How To Be Completely Honest With The Person You Love (Without Hurting Their Feelings)

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How To Improve Communication Skills & Build Trust In Relationships By Practicing Complete Honesty

"No, nothing's wrong. Everything is fine."

Have you heard this before, even when you know something is actually wrong? Or, have you said this before when really, some unsettling emotions were brewing just below the surface?

Too often, we hide our true feelings from the person we love in order to be nice or avoid conflict.

We all want harmonious, healthy relationships, but sometimes you have to go through the hard stuff in order to get there.

The more you incorporate the practice of complete honesty in your communication skills toolbox, the more you build trust with you partner and develop lasting peace in your relationship.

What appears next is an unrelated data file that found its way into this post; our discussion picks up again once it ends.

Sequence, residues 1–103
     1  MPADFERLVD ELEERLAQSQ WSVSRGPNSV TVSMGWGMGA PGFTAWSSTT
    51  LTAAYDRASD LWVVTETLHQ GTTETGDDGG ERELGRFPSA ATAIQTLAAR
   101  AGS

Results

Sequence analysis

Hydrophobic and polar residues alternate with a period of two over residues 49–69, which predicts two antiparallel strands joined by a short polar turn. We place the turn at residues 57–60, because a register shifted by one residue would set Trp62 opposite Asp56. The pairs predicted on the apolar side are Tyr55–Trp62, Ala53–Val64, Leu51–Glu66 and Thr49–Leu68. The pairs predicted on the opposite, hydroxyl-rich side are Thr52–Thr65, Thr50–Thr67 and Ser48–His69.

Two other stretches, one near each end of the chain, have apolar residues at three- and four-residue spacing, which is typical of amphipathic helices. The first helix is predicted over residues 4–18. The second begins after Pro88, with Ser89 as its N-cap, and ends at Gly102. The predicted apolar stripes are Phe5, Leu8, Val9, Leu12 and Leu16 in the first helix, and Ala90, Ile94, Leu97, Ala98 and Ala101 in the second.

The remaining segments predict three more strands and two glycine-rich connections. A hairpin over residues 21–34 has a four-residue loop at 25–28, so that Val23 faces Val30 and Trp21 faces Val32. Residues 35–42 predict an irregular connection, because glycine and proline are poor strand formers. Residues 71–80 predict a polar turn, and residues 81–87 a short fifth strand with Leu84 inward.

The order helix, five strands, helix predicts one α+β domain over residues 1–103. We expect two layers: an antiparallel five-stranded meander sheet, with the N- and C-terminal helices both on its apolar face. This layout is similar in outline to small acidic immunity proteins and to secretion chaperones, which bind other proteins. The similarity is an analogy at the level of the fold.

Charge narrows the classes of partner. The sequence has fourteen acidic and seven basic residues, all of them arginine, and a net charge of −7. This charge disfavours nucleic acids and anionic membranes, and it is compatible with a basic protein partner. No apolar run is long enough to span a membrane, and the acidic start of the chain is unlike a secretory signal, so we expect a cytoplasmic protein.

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Of course, this is easier said than done. There are many reasons why we don’t practice honesty.

Perhaps we’re afraid if we say what we actually feel, we’ll lose our lover. Maybe we want to be the "savior" and take care of our partners at the expense of our own needs. Maybe we simply don’t want to start a fight and just want everything to be "fine".

However, it is always easier to say what you’re feeling when you’re feeling it, rather than to let unease or resentment build.

With practice, we can get the hang of expressing ourselves in a way that is both respectful and truthful.